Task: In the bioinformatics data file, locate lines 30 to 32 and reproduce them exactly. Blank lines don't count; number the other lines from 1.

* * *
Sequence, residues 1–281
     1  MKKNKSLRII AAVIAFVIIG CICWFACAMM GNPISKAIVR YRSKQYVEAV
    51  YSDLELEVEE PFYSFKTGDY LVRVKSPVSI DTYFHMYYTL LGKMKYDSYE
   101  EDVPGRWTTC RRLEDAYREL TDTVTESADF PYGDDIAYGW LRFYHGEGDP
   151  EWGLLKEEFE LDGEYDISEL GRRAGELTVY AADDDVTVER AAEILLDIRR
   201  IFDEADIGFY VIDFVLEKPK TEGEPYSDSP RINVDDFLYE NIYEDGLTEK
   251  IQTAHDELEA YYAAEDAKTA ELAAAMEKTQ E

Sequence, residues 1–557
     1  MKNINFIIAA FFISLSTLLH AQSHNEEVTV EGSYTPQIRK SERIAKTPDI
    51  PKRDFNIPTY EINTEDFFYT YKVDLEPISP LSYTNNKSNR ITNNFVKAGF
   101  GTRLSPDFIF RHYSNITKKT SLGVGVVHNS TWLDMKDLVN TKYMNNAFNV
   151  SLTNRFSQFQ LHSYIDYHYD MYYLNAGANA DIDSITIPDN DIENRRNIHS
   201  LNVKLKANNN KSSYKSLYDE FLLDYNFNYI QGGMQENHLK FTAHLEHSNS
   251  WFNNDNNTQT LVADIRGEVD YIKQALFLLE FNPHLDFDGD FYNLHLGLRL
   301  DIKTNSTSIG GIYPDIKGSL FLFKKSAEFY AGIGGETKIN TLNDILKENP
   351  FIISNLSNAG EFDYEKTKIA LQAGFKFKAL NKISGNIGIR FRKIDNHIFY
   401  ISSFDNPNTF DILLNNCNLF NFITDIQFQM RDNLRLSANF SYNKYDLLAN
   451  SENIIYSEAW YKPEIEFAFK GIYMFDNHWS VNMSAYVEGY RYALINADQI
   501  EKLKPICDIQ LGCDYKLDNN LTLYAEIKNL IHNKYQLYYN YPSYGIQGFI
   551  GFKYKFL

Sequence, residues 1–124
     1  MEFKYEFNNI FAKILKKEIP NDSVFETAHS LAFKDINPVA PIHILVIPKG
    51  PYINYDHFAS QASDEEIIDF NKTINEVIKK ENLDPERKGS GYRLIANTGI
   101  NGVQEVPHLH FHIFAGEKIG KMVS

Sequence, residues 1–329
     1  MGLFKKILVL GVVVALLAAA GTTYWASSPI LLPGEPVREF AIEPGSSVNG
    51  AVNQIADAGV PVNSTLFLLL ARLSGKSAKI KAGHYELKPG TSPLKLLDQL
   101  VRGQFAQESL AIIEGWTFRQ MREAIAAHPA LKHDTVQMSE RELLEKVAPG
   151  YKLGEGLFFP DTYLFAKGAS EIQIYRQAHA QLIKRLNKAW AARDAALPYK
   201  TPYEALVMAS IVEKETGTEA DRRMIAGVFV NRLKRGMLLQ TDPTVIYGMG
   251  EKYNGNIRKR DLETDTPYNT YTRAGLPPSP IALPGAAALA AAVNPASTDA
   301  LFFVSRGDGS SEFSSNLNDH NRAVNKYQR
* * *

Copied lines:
   201  TPYEALVMAS IVEKETGTEA DRRMIAGVFV NRLKRGMLLQ TDPTVIYGMG
   251  EKYNGNIRKR DLETDTPYNT YTRAGLPPSP IALPGAAALA AAVNPASTDA
   301  LFFVSRGDGS SEFSSNLNDH NRAVNKYQR